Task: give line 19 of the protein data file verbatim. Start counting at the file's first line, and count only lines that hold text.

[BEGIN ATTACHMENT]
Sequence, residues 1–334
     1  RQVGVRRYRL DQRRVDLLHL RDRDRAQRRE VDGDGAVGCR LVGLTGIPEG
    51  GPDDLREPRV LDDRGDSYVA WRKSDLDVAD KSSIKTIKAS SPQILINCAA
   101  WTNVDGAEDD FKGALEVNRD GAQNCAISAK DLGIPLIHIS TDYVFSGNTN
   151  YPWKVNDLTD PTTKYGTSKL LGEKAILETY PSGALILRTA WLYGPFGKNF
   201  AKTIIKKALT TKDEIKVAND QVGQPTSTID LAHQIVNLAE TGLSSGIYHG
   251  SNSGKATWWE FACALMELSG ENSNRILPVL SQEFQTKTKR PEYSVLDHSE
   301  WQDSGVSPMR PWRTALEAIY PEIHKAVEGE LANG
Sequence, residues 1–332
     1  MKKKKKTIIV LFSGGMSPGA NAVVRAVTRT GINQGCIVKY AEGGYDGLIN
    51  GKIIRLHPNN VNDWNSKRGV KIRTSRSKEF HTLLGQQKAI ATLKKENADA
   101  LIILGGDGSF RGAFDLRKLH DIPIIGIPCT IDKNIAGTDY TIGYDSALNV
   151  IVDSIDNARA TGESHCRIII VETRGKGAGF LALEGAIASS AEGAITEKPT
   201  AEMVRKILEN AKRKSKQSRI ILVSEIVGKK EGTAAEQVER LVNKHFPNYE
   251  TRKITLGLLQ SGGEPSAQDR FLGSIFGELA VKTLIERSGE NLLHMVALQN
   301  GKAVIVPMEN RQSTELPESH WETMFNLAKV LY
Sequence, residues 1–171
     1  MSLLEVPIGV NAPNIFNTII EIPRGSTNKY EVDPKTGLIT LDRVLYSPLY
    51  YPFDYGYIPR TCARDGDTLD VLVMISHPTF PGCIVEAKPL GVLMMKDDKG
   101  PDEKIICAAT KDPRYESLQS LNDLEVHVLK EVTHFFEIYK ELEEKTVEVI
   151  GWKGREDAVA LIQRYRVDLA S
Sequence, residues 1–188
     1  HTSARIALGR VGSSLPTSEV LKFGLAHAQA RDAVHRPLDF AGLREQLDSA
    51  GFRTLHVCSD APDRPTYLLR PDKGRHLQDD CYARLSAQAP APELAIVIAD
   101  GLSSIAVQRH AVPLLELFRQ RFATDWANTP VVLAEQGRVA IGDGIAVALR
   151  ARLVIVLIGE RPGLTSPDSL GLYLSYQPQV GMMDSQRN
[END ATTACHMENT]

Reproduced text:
    51  YPFDYGYIPR TCARDGDTLD VLVMISHPTF PGCIVEAKPL GVLMMKDDKG